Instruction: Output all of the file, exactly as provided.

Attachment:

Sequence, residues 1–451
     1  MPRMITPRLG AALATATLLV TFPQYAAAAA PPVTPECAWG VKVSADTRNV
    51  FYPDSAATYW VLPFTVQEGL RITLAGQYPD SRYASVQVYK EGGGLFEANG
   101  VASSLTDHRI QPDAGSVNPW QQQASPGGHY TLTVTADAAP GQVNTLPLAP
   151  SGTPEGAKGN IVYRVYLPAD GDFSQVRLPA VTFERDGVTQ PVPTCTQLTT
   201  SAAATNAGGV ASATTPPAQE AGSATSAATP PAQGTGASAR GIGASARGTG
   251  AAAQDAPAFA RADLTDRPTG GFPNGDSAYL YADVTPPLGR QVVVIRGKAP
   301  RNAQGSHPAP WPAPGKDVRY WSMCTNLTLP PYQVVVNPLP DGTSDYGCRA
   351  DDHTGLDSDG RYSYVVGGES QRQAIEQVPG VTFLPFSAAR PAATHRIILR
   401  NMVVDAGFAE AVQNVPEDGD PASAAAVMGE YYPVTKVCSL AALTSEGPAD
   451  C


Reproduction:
Sequence, residues 1–451
     1  MPRMITPRLG AALATATLLV TFPQYAAAAA PPVTPECAWG VKVSADTRNV
    51  FYPDSAATYW VLPFTVQEGL RITLAGQYPD SRYASVQVYK EGGGLFEANG
   101  VASSLTDHRI QPDAGSVNPW QQQASPGGHY TLTVTADAAP GQVNTLPLAP
   151  SGTPEGAKGN IVYRVYLPAD GDFSQVRLPA VTFERDGVTQ PVPTCTQLTT
   201  SAAATNAGGV ASATTPPAQE AGSATSAATP PAQGTGASAR GIGASARGTG
   251  AAAQDAPAFA RADLTDRPTG GFPNGDSAYL YADVTPPLGR QVVVIRGKAP
   301  RNAQGSHPAP WPAPGKDVRY WSMCTNLTLP PYQVVVNPLP DGTSDYGCRA
   351  DDHTGLDSDG RYSYVVGGES QRQAIEQVPG VTFLPFSAAR PAATHRIILR
   401  NMVVDAGFAE AVQNVPEDGD PASAAAVMGE YYPVTKVCSL AALTSEGPAD
   451  C